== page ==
Evangelicalism's Unintended Consequences?
The writer Helen Epstein offers an interesting finding in her opinion piece for the New York Times, "Talking Their Way Out of a Population Crisis" (October 22, 2011). In this article, she tells of a Columbia University demographer, James F. Phillips, and his colleagues in Ghana who were tying to empower women of the Kassena-Nankana people to use contraception for better family planning:
At first, they organized special "durbars" -- all-male political gatherings presided over by the village chief -- to help explain to men that family planning would make their women and children healthier and stronger. These efforts weren't very successful.Ms. Epstein doesn't say why the researchers report that these evangelical churches "certainly didn't promote family planning," and I wonder if that's entirely true. But let's assume that it is. How then did evangelical Christianity give women a voice enabling them to start family planning?
Then the team noticed two things: Their data clearly showed that large numbers of women were having fewer children, whether or not they lived near the experimental family planning programs. And large numbers of evangelical preachers were establishing churches in the Ghanaian hinterlands to which, every Sunday, Kassena-Nankana women dressed in Western-style finery headed in droves.
Dr. Phillips assigned a student to see what effect the churches were having on contraceptive behavior. To their amazement, they found that female Christian converts were three times as likely to use family planning as women who retained their traditional African faith, and had significantly smaller families.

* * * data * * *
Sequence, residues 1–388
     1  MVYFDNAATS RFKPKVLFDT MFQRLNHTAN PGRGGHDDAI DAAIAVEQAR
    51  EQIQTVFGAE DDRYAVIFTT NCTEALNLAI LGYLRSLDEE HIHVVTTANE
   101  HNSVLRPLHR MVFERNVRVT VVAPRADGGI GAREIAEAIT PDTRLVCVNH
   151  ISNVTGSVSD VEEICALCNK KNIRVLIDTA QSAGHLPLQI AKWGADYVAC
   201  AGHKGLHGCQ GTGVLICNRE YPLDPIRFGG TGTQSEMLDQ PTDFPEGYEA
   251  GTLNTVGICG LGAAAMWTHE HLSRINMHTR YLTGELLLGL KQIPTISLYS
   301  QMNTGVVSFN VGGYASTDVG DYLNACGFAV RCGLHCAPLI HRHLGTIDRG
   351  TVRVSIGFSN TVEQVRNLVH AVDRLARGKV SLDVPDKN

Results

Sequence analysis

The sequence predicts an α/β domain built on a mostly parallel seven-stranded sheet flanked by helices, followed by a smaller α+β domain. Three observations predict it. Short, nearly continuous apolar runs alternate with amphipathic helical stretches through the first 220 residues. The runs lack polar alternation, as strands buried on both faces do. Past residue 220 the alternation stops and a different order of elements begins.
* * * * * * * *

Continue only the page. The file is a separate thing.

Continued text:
The churches certainly didn't promote family planning. But, despite their defense of patriarchal family values, many churches were giving women a voice denied them by their own culture.
Traditionally, Kassena-Nankana women are not involved in everyday decision making, even about household matters. But the born-again women were forming committees, making speeches and organizing outings, fund-raisers and other activities. Tradition in Kassena-Nankana also forbids women to communicate with ancestors and other spiritual beings; only men can do that. But the Christian women were speaking directly to Jesus about their problems. He was, many of them may have felt, the first man ever to listen. This may have given them a language for speaking to mortal men as well, even about such sensitive matters as contraception.I wonder if the researchers asked the women about family planning to find out how the process of empowerment actually worked. With wording like "may have felt" and "may have given," the researchers appear less than certain. Or perhaps Ms. Epstein is guessing? She does say, though with equal uncertainty, that:
[R]elaxed, trusting and frank conversations between men and women may be the most effective contraceptive of all.If so, then evangelical Christianity would perhaps be promoting that, but I'm also just guessing. Somebody should ask those women themselves . . .